Sunday, March 13 2011
Hezekiah Of Judah
Hezekiah, from the Hebrew name pronounced yekh-iz-kee-yaw-hoo, means strengthened by the LORD (the yaw-hoo is a compound form of the Name of the LORD; as it is commonly pronounced by millions of unrealizing people today, it is yet another of the many modern foulings of the Name of the LORD: "saith the LORD; and my name continually every day is blasphemed" Isaiah 52:5 KJV). Hezekiah succeeded his father Ahaz (see Ahaz Of Judah) as king of Judah.
"16:19 Now the rest of the acts of Ahaz which he did, are they not written in the book of the chronicles of the kings of Judah? 16:20 And Ahaz slept with his fathers [see The Sleep Of Death], and was buried with his fathers in the city of David: and Hezekiah his son reigned in his stead." (2 Kings 16:19-20 KJV)
Hezekiah of Judah began to reign during the reign of Hoshea of Israel (see Hoshea Of Israel). Hoshea was the last king of Israel as it fell to the Assyrians - The Northern Kingdom of "Israel" thereafter becoming known as "the lost ten tribes," while The Southern Kingdom of "Judah" continued on for another 135 years. Hezekiah is an example of why Judah was allowed to continue, for "he did that which was right in the sight of the LORD" and "departed not from following him, but kept his commandments," while Israel fell (see also The Two-Way Promise Of The Promised Land).
"18:1 Now it came to pass in the third year of Hoshea son of Elah king of Israel, that Hezekiah the son of Ahaz king of Judah began to reign. 18:2 Twenty and five years old was he when he began to reign; and he reigned twenty and nine years in Jerusalem. His mother's name also was Abi, the daughter of Zachariah. 18:3 And he did that which was right in the sight of the LORD, according to all that David his father did. 18:4 He removed the high places, and brake the images, and cut down the groves, and brake in pieces the brazen serpent that Moses had made: for unto those days the children of Israel did burn incense to it: and he called it Nehushtan.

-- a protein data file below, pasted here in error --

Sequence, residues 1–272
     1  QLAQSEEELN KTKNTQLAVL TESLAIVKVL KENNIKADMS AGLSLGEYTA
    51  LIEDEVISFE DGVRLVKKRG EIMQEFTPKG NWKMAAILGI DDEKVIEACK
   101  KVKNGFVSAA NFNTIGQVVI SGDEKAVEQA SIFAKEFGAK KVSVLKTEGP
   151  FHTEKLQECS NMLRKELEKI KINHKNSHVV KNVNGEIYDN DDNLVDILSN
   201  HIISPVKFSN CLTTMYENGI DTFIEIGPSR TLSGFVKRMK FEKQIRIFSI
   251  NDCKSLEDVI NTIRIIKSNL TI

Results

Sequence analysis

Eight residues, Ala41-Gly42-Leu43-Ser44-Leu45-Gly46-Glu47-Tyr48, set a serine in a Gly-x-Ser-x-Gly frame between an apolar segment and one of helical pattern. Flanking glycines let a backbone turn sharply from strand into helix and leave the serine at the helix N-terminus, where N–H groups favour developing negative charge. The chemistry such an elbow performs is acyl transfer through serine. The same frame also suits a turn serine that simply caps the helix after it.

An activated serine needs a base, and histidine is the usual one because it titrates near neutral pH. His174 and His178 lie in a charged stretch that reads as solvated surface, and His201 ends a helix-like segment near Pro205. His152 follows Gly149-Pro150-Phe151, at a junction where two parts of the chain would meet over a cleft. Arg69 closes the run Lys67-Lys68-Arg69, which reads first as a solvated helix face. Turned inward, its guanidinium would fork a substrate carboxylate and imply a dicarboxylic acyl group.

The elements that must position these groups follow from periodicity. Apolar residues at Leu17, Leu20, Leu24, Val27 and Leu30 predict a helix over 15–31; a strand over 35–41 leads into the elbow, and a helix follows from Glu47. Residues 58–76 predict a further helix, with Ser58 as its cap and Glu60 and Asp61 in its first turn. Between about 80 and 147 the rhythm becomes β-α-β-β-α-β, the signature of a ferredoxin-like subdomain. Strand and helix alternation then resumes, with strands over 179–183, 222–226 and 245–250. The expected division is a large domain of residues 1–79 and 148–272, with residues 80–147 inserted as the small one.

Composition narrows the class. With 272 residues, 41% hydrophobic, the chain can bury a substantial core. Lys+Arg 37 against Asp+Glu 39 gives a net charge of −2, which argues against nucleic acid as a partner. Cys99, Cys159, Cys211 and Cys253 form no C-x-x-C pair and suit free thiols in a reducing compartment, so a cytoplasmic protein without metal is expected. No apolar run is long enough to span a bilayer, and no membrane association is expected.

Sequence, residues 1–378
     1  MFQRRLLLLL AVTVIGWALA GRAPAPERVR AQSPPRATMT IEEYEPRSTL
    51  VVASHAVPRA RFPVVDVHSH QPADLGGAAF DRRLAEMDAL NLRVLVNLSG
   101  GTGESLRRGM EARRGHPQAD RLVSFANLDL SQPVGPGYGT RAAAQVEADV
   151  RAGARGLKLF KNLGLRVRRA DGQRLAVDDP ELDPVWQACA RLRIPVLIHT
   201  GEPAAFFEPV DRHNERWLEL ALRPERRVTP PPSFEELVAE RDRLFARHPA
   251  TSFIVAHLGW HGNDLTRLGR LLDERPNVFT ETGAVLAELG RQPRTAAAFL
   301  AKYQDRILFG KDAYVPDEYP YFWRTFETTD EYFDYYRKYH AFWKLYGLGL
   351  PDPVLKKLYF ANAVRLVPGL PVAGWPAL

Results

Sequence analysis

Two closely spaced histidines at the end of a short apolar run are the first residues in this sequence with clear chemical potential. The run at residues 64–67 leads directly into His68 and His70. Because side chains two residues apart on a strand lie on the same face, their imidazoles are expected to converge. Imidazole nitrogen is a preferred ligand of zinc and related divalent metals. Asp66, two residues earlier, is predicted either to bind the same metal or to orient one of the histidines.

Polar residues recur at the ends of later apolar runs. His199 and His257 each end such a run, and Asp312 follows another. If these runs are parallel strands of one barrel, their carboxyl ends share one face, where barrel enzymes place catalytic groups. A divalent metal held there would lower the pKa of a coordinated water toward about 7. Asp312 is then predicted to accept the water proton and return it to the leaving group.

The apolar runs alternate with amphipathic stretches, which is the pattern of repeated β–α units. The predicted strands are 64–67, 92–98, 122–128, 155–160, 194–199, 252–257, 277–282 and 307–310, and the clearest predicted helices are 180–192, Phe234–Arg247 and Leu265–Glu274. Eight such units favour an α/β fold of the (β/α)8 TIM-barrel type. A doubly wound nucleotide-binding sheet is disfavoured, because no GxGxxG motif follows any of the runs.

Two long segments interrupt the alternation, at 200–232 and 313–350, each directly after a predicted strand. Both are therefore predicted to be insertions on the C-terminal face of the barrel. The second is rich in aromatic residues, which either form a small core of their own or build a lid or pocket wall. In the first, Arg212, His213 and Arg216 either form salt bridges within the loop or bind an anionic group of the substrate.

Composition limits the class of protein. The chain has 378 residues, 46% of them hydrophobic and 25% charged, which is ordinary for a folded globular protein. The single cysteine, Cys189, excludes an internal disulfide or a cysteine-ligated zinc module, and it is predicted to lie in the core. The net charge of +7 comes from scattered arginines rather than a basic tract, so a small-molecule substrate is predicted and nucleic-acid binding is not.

"After him was none like him among all the kings of Judah, nor any that were before him"
Hezekiah was truly righteous (i.e. obedient to the Word of God, not merely self-righteously doing what one pleases in the Name of the LORD; see Is Your Religion Your Religion?) and so therefore he was strong - not in and as himself, but with the LORD as the Defender of his kingdom. When the Assyrians threatened his kingdom too, Hezekiah, at first, from a distance, told them to get lost.